Accuracy: The degree of closeness of the determined value to the nominal or known true value under prescribed conditions. This is sometimes termed trueness.
Analyte: A specific chemical moiety being measured, which can be intact drug, biomolecule or its derivative, metabolite, and/or degradation product in a biologic matrix.
Analytical run (or batch): A complete set of analytical and study samples with appropriate number of standards and QCs for their validation. Several runs (or batches) may be completed in one day, or one run (or batch) may take several days to complete.
Biological matrix: A discrete material of biological origin that can be sampled and processed in a reproducible manner. Examples are blood, serum, plasma, urine, feces, saliva, sputum, and various
Calibration standard: A biological matrix to which a known amount of analyte has been added or spiked. Calibration standards are used to construct calibration curves from which the concentrations of
analytes in QCs and in unknown study samples are determined.
Internal standard: Test compound(s) (e.g. structurally similar analog, stable labeled compound) added to both calibration standards and samples at known and constant concentration to facilitate quantification of the target analyte(s).
Limit of detection (LOD): The lowest concentration of an analyte that the bioanalytical procedure can reliably differentiate from background noise.
Lower limit of quantification (LLOQ): The lowest amount of an analyte in a sample that can be quantitatively determined with suitable precision and accuracy.
Matrix effect: The direct or indirect alteration or interference in response due to the presence of unintended analytes (for analysis) or other interfering substances in the sample.
Method: A comprehensive description of all procedures used in sample analysis.
Precision: The closeness of agreement (degree of scatter) between a series of measurements obtained from multiple sampling of the same homogenous sample under the prescribed conditions.
Processed: The final extract (prior to instrumental analysis) of a sample that has been subjected to various manipulations (e.g., extraction, dilution, concentration).
Quantification range: The range of concentration, including ULOQ and LLOQ, that can be reliably and reproducibly quantified with accuracy and precision through the use of a concentration-response relationship.
Recovery: The extraction efficiency of an analytical process, reported as a percentage of the known amount of an analyte carried through the sample extraction and processing steps of the method.
Reproducibility: The precision between two laboratories. It also represents precision of the method under the same operating conditions over a short period of time.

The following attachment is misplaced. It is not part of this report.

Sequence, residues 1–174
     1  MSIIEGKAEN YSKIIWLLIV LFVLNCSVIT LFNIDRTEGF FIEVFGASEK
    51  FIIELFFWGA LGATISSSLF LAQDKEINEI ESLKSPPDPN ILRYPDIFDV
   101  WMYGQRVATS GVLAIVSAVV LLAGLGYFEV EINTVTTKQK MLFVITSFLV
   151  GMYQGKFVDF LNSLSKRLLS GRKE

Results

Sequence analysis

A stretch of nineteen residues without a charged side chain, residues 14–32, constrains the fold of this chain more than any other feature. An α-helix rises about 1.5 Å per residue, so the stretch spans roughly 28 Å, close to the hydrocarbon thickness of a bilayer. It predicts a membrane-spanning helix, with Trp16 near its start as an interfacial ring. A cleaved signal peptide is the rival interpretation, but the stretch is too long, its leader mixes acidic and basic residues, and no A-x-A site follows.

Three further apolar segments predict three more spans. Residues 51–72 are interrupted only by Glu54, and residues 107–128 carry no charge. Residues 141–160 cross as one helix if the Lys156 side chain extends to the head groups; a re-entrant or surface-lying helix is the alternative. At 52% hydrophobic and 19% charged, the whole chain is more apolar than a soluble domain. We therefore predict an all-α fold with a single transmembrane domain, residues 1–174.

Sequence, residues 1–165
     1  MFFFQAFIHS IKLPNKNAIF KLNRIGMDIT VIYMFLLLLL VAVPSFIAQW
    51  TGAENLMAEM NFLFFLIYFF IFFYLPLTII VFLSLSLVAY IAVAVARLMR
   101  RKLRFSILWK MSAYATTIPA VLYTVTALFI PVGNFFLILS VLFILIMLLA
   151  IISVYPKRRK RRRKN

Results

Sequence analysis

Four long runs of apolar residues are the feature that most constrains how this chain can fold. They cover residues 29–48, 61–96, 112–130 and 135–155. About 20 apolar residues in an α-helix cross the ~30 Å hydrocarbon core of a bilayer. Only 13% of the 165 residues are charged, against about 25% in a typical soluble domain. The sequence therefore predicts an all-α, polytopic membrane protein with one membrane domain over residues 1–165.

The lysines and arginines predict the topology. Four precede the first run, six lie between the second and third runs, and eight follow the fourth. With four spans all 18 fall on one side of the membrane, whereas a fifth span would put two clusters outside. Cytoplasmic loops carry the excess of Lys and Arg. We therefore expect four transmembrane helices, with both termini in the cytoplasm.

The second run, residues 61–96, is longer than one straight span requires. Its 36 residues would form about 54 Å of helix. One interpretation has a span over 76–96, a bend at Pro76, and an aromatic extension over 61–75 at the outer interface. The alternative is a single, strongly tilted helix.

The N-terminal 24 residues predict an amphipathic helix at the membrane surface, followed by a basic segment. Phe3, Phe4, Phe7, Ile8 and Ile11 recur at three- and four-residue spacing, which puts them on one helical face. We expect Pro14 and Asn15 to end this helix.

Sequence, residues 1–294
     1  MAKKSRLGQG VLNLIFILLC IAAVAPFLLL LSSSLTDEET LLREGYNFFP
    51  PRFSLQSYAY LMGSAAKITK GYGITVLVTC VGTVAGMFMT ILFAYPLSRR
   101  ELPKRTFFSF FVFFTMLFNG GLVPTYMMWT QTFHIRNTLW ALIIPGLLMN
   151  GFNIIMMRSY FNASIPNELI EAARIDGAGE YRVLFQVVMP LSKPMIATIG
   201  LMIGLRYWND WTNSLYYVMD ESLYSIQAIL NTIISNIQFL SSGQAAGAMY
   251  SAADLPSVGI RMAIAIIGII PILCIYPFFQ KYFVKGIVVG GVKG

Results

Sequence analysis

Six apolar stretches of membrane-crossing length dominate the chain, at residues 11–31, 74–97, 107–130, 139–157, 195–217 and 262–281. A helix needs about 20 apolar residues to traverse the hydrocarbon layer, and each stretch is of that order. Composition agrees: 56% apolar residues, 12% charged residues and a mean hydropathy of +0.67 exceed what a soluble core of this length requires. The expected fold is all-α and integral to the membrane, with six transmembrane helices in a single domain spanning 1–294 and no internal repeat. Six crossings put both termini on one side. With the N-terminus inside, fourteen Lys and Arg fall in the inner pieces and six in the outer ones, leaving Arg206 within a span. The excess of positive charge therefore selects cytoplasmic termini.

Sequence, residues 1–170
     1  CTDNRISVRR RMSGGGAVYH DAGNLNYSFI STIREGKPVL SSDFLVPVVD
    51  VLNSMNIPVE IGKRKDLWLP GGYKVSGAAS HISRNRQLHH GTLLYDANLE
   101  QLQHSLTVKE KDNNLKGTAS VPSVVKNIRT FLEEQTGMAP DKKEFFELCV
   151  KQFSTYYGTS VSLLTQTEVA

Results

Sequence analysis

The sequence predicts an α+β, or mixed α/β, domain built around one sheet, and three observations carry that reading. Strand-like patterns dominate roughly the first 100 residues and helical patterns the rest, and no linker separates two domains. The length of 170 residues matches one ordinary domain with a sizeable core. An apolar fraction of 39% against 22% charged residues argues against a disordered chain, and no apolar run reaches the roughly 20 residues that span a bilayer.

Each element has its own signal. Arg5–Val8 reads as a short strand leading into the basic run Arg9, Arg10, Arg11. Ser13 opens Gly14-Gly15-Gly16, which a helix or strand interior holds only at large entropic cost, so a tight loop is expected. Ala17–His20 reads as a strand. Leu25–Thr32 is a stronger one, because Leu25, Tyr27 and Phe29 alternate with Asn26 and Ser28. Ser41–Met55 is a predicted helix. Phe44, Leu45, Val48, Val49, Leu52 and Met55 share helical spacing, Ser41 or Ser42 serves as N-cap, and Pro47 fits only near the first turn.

Sample: A generic term encompassing controls, blanks, unknowns, and processed samples, as described below:
1.Blank: A sample of a biological matrix to which no analytes have been added that is used to assess the specificity of the bioanalytical method.
2.Quality control sample (QC): A spiked sample used to monitor the performance of a bioanalytical method and to assess the integrity and validity of the results of the unknown samples analyzed in an individual batch.
3.Unknown: A biological sample that is the subject of the analysis.
Selectivity: The ability of the bioanalytical method to measure and differentiate the analytes in the presence of components that may be expected to be present. These could include metabolites,impurities, degradants, or matrix components.
Stability: The chemical stability of an analyte in a given matrix under specific conditions for given time intervals.
Standard curve: The relationship between the experimental response value and the analytical concentration (also called a calibration curve).
System suitability: Determination of instrument performance (e.g., sensitivity and chromatographic retention) by analysis of a reference standard prior to running the analytical batch.
Upper limit of quantification (ULOQ): The highest amount of an analyte in a sample that can be quantitatively determined with precision and accuracy.
Validation with respect to analytical method : Also see Pharmaceutical Process validation
1.Full validation: Establishment of all validation parameters to apply to sample analysis for the bioanalytical method for each analyte.
2.Partial validation: Modification of validated bioanalytical methods that do not necessarily call for full revalidation.
3.Cross-validation: Comparison validation parameters of two bioanalytical methods.
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